• Menstrual cycle changes
  • Temporary hair loss
  • Chest pain
  • Rapid or irregular heartbeat

In addition, Synthroid is not the same as thyroxine (T4) – a hormone that is produced naturally in your body; in terms of structure and function, the two are vastly different.  After all, if they were “identical,” as proponents of the drug claim, how could it be patented?

Plus, Synthroid’s synthetically-produced T4 may actually be blocking the body’s natural use of thyroxine.  The synthetic version competes with natural T4 hormones for cellular receptor sites.  This may be one reason why most people who are prescribed Synthroid will be on it for life.

Finally, Synthroid only replaces T4 hormones.  Your body has to convert T4 to T3, or triiodothyronine, which is the biologically-active form of the hormone.  Many people have a hard time converting the synthetically-produced T4 hormone to T3.  T3 conversion can also be hampered by factors such as selenium deficiency, low omega-3 fatty acids, low zinc levels, environmental toxins, and mental/emotional stress.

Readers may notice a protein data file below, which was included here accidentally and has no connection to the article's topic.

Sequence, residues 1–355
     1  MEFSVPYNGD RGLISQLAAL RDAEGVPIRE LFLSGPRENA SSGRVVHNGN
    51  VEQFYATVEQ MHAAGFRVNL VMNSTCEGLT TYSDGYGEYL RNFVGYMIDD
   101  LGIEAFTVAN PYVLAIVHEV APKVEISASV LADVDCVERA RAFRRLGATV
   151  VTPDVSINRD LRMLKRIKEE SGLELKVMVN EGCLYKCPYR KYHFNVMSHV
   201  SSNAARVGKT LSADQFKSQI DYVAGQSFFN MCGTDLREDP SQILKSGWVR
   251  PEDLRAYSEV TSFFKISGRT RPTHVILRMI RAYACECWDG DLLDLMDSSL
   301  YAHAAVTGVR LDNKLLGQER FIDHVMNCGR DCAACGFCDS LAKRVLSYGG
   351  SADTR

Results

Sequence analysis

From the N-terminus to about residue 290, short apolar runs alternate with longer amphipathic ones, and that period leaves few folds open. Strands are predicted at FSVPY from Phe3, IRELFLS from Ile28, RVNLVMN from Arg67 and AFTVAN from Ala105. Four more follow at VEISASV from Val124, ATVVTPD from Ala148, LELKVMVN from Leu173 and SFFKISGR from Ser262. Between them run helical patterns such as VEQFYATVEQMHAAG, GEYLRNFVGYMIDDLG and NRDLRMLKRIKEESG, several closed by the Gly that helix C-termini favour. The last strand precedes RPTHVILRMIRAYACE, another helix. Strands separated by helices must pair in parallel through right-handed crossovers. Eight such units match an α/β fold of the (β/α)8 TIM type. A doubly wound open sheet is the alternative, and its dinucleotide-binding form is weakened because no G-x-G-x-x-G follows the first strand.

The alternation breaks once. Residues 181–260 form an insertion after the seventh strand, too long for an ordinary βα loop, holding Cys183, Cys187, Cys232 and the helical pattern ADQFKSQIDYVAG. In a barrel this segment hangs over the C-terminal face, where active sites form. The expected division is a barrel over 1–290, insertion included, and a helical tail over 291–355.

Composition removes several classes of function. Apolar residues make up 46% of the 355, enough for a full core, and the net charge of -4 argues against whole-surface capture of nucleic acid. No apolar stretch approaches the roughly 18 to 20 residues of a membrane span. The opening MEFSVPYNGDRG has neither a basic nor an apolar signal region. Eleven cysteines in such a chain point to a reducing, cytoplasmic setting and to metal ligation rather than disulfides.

Difficulties with synthetic T4 to T3 conversion are also one of the reasons why it is so difficult to find the right dose for the drug.

The Synthroid-Iodine deficiency connection to breast cancer

The worst consequence of long-term thyroid medication use, however, is its direct link to cancer, especially breast cancer.

“Nearly every physician in the United States will reach for a prescription pad to order thyroid hormone when he sees a patient with goiter or symptoms of hypothyroidism,” says Dr. Jim Howenstine, MD, an internal medicine specialist.  “This can be exactly the wrong thing to do if the patient has deficient stores of iodine.”

A study conducted by Ferdinand-Sauerbruch Hospital in Wuppertal, Germany, found that women taking thyroid medication were twice as likely to develop breast cancer as women who were not taking synthetic thyroid hormone replacement.  What’s more, 20% of the women who had taken this medication for 15 years or more had developed breast cancer.  Those who had taken it for 5 years had only a 10% incidence of breast cancer.